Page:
Tokyo station: a marathon

Run Forest! Run! This is how I was the day I left Tokyo to Kyoto. Tokyo Station is bigger than what I ever imagined or what I came across before.

Left the house 50mn before my bus departure, and the walk should not be more than 30 mn to the station , I figured I have enough time to buy my ticket. Well first I couldn’t resist stopping for Japanese breakfast: warm Mizu soup in a cold weather, served with rice and fried egg emmm.

As a budget traveler so far I have not been spending on food or looking to have food experience but in Japan it’s a different story. Food here has been part of the trip experience.  I assumed Sushi is the main food and I will try it once may be and as usual instead from going to different restaurant on every meal, I will just limit myself to what I can cook and small sandwich I make, the casual budget-traveler food.

I was wrong, totally wrong. Japanese food is so diverse, is so rich, that it’s so irresistible. There is no single lunch or diner looking like the other. Add to the the fact that the culture of eating out with people is about ordering food together and sharing, In a single meal we will have about 5 at least different plate. I’m not kidding, that’s with no desert and still the menu so long and diverse that we can order another 20 dishes J

 Food J2food J1

 

Hence I can’t miss the opportunity to try different restaurants and meals. In fact that breakfast was so yummy that I forgot myself, looked at the clock and it was already 6:50 and I still have half of the road to walk. What a gringo! Gobbled down the rest of the rice and run to the station. I finally made it in 10mn; relieved I said I’m in the station 20mn before the bus departs that’s more than enough.

I got to the first ticket office but it turned out it’s not the one I need. Of course with no Japanese on my side a little English on the officer side communication was not the easiest, but thanks to McDonald, things becomes easier to explain as McDonald in an international word, no matter what language the country you go to visit the word is always the same. I started to like McDonald on this trip. It seems to be travellers’ saver around the world: got lost say you are in McDonald and they will find you, need direction, MC Donald will be the indication of what to turn, broke, McDonald feeds you for less than 5 $. I bet if I loose my passport I will find someone to help me in McDonald.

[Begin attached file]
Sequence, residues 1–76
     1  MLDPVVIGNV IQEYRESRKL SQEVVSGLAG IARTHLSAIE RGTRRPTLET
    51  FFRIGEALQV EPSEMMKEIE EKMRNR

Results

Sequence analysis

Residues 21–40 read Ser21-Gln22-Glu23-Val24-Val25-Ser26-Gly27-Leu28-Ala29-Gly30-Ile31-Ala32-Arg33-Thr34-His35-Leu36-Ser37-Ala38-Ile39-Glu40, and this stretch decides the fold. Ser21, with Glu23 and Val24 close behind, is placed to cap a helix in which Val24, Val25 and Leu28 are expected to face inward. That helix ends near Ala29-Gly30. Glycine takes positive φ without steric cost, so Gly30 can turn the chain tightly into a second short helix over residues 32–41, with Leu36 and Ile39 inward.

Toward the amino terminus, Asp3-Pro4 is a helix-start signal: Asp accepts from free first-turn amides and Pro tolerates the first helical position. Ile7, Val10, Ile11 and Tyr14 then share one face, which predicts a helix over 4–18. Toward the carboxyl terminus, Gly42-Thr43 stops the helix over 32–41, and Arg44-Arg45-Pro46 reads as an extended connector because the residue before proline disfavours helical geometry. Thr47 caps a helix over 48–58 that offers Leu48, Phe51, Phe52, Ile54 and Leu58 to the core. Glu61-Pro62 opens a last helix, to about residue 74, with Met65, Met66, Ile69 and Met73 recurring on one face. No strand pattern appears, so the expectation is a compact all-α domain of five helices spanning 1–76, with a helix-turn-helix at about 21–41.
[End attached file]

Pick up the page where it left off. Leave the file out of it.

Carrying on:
Any way back to my morning marathon, so here I am walking and looking at Mac Donald at the end of the corridor that never ends and hopping I will get there on time, the walk was of at least 1/2Km, no joke, there was indication to certain metros inside the station of 300m 350m and at that point trying to get on time to the ticket office it seemed like the last 500m in a full marathon, you’re not interested anymore by how good is my timing but let me get to the end. Finally made it, sweating and out of breath, got my ticket and went to the get 3 minutes before my bus leaves.

 

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Here I am on my seat the only non –Japanese. It feels strange but great at same time. Nothing matches a local experience while traveling and inter-city busses are the transportation mean that offers that experience everywhere I went, plus more than 80% of the times they’re the cheapest. (Bus from Tokyo to Kyoto 42$, train for the same distance is 140$, true the trip is shorter, only 1/3rd of the time but when you have time why not save some money J) On the other hand, bus usually crosses few small towns and offers more opportunity to discover the back country or also save a night in a hotel when use night busses (which happens to be even cheaper in Japan but don’t get me wrong very comfortable, they offer blankets and large feet space with chairs leaning back further than day busses.) Check also last minute busses they offer even more competitive prices such as WillerExpress, they even have bus pass which offers more flexibility than the Japan Rail pass.

 

 

 

 

 

 

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